Justin: Yeah, absolutely. So you have a Hunter Hydrawise controller. Uh, you know, has 48 plus zones. If I remember correctly, they can go on a lot of light commercial properties. The cost is a little bit less expensive than that commercial unit, but you're relying on that property owner or that site's wifi connection.

Perhaps they won't let you on their network. Perhaps the wifi signal isn't strong enough. We're able to put a cellular device that acts as a Wi-Fi hotspot inside that controller or right next to it and allow any type of Hydrawise user to manage that system remotely over an OpConnect cellular network.

Andy: Okay. So you bring another device, your brand new device, and let's talk about that device. Is it one device? Is it two devices? How do you get from the cellular cloud down to the Wi-Fi LAN or local Wi-Fi?

Justin: Yeah, it's all it's just one device. So basically, we have the, the Wi-Fi technology and the cellular technology baked into a single device.

It's fully plug and play, we can provide a NEMA 4x enclosure. So if it's You know, an outdoor install and you don't want to mount it inside that Hydrawise controller cabinet. We can just install it right next to it. There's no wiring that you would have to run between the two. And it's, it's very simple.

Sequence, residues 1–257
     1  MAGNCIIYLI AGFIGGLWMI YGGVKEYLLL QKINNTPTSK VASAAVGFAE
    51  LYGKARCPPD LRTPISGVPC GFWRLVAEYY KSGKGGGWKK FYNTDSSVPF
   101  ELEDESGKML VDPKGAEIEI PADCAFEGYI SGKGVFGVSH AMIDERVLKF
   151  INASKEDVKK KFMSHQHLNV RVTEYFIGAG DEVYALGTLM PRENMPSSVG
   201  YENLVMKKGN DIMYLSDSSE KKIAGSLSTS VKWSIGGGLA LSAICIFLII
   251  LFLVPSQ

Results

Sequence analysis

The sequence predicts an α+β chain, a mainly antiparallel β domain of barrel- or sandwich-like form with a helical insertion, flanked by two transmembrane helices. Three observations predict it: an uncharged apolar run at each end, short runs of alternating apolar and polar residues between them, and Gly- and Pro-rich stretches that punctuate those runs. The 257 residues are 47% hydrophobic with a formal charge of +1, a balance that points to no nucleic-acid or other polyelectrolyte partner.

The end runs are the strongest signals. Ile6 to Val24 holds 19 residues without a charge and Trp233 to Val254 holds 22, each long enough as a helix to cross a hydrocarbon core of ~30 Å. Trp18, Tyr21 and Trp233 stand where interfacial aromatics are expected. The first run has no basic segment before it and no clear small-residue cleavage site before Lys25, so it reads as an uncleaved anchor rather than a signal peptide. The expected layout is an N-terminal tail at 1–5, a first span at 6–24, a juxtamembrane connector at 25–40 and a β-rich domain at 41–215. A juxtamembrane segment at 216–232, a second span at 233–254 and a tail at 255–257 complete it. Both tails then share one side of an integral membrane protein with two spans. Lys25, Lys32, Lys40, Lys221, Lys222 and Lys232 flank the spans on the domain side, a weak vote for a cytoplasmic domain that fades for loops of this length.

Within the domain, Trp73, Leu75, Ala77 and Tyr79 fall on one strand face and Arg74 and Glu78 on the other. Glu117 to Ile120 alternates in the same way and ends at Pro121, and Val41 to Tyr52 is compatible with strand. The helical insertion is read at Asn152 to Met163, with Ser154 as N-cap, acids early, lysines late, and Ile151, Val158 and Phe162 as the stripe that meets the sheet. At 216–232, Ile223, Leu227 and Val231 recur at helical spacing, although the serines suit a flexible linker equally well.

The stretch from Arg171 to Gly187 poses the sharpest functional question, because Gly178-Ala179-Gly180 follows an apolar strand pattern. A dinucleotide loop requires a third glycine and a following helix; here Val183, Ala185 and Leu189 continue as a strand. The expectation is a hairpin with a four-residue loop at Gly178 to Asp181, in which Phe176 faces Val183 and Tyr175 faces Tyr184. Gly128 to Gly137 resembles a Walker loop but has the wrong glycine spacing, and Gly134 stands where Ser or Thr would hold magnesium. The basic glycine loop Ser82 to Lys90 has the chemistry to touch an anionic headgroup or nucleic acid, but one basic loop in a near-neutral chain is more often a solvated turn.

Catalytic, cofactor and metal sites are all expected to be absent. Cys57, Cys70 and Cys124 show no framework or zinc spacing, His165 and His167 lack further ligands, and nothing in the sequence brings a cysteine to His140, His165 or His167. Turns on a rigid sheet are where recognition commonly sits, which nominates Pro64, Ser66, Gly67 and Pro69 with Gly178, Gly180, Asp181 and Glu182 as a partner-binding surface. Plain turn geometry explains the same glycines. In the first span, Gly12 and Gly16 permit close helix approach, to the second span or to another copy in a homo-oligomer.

It's, it's activated, ready to go out of the box. The Wi-Fi is turned on. We give you, you know, the SSID and password to manage that. We can change that on your behalf. Uh, you really don't have to worry about anything when it comes to setting up that local Wi-Fi network or managing it over the cellular network.


Andy: Wow. Wow. Okay. A couple of things I'm thinking, is this a single controller device or can you connect multiple controllers or even other devices to it?

Justin: Yeah, absolutely. So just like you would with your iPhone, if you're traveling and you and your work colleague are trying to get on a Zoom call or check your email.